1. Is there a need to invoke the ‘common law’ for termination?

It has been held that the formal process of termination in an AS contract is not exclusive and does not extinguish any common law rights. What this means is that there is the potential for a party to a standard form construction contract to successfully terminate at common law despite not having followed the termination process expressly contained in the contract. The common law right to terminate (or repudiation) requires there to have been a ‘material’ or ‘substantial’ breach of the contract, so serious that it would be unreasonable for the innocent party to continue with the contract. Examples include:

  • refusal to carry out work;
  • abandonment of the site by the contractor; and
  • employing other contractors to carry out the same work.

Some other breaches may not be clear-cut. Thus, if you are planning to invoke a termination through the common law, consult your lawyers and consider carefully whether you will be able to establish that the breach is sufficiently serious.

  1. Do you need to follow a process?

Check the wording in your building contract to see if there is a prescribed process set out in the termination clauses that must be followed. If there is a process, follow it strictly or else you may inadvertently be accused of repudiatory breach as a result of incorrectly terminating the contract.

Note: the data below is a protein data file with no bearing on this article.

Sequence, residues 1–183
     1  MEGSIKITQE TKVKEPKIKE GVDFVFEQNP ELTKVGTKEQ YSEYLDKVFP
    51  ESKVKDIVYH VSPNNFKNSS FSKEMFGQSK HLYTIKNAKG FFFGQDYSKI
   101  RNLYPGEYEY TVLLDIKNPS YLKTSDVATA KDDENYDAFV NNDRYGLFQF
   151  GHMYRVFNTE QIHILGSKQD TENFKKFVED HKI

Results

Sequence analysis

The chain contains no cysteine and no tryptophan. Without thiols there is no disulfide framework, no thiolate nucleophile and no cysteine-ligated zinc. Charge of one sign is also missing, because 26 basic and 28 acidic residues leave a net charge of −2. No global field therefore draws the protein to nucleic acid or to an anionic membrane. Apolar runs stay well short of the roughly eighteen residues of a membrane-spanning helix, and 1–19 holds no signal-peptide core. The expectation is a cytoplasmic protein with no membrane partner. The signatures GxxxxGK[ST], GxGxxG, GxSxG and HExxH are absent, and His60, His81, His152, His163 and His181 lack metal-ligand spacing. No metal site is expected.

Many building contracts in Australia recommend termination only after undergoing an alternative dispute resolution (“ADR”) process first. Usually the ADR process will be triggered by one party giving the other notice that it is invoking the action of the relevant contractual provision. In some cases there will be several mandatory stages of ADR before a contract can be terminated. For example the parties may have to meet to discuss the matter within 14 days. If there is no resolution the parties may then have to attend mediation before one can exercise a termination right.

  1. Do you need to serve notices?

If yes, ensure notices are served on time, in the correct format, containing all required information, are served at the correct address and to the correct person. In most instances, you will be required to give the party in breach a chance to respond or rectify the breach within a specified period. If the breach continues beyond the specified period, a second notice can be served terminating the contract.

Conclusion

Termination of a building contract is fraught with difficulty and risks. Once you have weighed the key considerations listed above, ensure that you do not risk affirming the contract further by conducting yourself in a manner which could explicitly or implicitly be inconsistent with termination. If in doubt at any stage, seek legal assistance to ensure that your interest is protected at all times.

At Owen Hodge Lawyers, we represent clients involved in the commercial development of property. We have significant experience in identifying situations which lead to the termination of a building contract and are best positioned to advise you on the solutions available, on your remedies and to help you negotiate a proper closure while protecting your interests. Contact our Property Development Lawyers at 1800 770 780 or via email at ohl@owenhodge.com.au for a consultation, so that we can help you evaluation you options.